Irish scientists unearth the 300-year-old racehorse “speed gene”
UCD researchers trace gene back to specific British mare
Scientists at University College Dublin (UCD) have traced the origin of the ‘speed gene’ in Thoroughbred racehorses back to a single British mare that lived in the United Kingdom around 300 years ago.
The origin of the ‘speed gene’ (C type myostatin gene variant) was revealed by analyzing DNA from hundreds of horses, including DNA extracted from the skeletal remains of 12 celebrated Thoroughbred stallions born between 1764 and 1930.
“Changes in racing since the foundation of the Thoroughbred have shaped the distribution of ‘speed gene’ types over time and in different racing regions,” explained Dr Emmeline Hill, the senior author of the study, and a genomics scientist at the School of Agriculture and Food Science, at UCD.
“But we have been able to identify that the original ‘speed gene’ variant entered the Thoroughbred from a single founder, which was most likely a British mare about 300 years ago, when local British horse types were the preeminent racing horses, prior to the formal foundation of the Thoroughbred racehorse.”
The international scientific team led by scientists from UCD, Equinome Ltd, and the University of Cambridge, have traced all modern variants of the original ‘speed gene’ to the legendary Nearctic (1954–1973), and attribute the wider expansion of these variants to Northern Dancer (1961–1990), the son of Nearctic, and one of the most influential stallions of modern times.
“Having first identified the ‘speed gene’ in 2010, we decided to see if we could trace the origin of the gene variant using population genetics coupled with pedigree analysis. We wanted to understand where speed in the Thoroughbred came from,” said Dr Hill.
Dr Hill is also a co-founder of Equinome, a UCD spin-out company headquartered at NovaUCD, which has developed “The Equinome Speed Gene Test”. This test is currently being used by the global bloodstock and racing industry to identify the optimum racing distance for individual Thoroughbred horses.
“We traced the economically valuable gene variant by determining ‘speed gene’ type in almost 600 horses from 22 Eurasian and North American horse breeds, museum bone and tooth specimens from 12 legendary Thoroughbred stallions, 330 elite performing modern Thoroughbreds from three continents, 40 donkeys and two zebras”, added Dr Hill.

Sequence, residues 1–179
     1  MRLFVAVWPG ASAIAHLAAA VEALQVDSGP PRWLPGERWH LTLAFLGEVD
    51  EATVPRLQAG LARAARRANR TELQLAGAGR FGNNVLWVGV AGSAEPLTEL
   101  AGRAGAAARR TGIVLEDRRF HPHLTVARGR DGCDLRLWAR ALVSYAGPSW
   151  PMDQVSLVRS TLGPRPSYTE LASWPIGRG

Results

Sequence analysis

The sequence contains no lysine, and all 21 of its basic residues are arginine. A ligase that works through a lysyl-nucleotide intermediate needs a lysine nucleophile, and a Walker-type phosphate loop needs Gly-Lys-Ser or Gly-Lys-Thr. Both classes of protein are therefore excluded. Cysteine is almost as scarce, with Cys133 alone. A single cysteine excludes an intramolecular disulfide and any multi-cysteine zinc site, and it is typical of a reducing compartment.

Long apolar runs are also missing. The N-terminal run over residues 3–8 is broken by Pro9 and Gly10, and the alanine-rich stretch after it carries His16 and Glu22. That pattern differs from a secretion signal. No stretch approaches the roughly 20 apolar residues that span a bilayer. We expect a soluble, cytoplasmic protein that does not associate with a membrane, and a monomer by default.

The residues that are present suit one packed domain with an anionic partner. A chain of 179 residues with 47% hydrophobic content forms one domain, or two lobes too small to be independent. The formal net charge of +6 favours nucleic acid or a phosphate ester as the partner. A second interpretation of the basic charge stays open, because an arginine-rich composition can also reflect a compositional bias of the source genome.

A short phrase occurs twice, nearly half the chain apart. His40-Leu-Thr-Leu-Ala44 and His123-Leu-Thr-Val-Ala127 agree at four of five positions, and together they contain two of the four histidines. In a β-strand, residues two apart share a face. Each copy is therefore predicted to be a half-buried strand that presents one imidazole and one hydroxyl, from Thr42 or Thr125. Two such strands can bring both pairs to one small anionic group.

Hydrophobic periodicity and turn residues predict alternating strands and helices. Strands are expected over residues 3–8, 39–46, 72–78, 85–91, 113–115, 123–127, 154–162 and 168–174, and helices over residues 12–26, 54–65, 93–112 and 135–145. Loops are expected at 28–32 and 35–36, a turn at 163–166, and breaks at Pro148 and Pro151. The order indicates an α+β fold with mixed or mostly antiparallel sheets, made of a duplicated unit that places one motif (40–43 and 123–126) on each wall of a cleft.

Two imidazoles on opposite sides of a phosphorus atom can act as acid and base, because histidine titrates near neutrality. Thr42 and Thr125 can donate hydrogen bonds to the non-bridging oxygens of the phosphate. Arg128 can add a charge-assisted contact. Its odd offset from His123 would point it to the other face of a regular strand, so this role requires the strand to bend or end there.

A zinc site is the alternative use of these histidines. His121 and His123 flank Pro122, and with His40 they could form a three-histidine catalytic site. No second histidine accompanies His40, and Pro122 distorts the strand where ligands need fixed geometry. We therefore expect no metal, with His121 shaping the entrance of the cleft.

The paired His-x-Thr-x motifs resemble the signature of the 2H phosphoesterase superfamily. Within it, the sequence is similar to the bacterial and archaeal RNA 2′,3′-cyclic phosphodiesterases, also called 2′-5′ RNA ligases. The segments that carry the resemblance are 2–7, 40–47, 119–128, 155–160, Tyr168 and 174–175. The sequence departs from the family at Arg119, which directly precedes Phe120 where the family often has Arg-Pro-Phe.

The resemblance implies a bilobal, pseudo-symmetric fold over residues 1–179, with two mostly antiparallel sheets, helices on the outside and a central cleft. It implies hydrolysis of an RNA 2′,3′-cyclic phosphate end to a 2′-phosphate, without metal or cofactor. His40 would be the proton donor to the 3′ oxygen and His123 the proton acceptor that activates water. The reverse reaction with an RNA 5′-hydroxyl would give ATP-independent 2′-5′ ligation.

- Gay wedding cakes latest target of anti-gay...
- Racist incidents in Ireland up by 85 percent...
- An open letter in strong defence of capitalism.
- A Magdalene Laundry US adoptee who holds...
- Irish radio presenter suspended after anti-Isra
- Nelson Mandela was against IRA decommissioning.
- Families as well as Catholic Church and governm
- Baby dies in horror birth at Belfast hospital...
- Gay teacher fired from Catholic school after...
- Sarah Palin is saving Christmas
You should hear in the USA the right wng extremists calling Nelson Mandela all kinds of names and insults...........Why because he is black. These riVirginia governor slammed by doctor over plain cigarette pack rejection
YOur welcome to smoke - and take a decade off you life from lung cancer, throat cancer, nicotine scaring the arteries which provides places where plaAn open letter in strong defence of capitalism to Pope Francis
I'm not caht but he's a great guy, especially compared to his past extremist right wing German pope As for capitalism, in the USA, the gap between thGay wedding cakes latest target of anti-gay bigots
I've dealt with these kind of people, typically evangelists / southern baptists /born agains To put it simply they believe that every word in the bib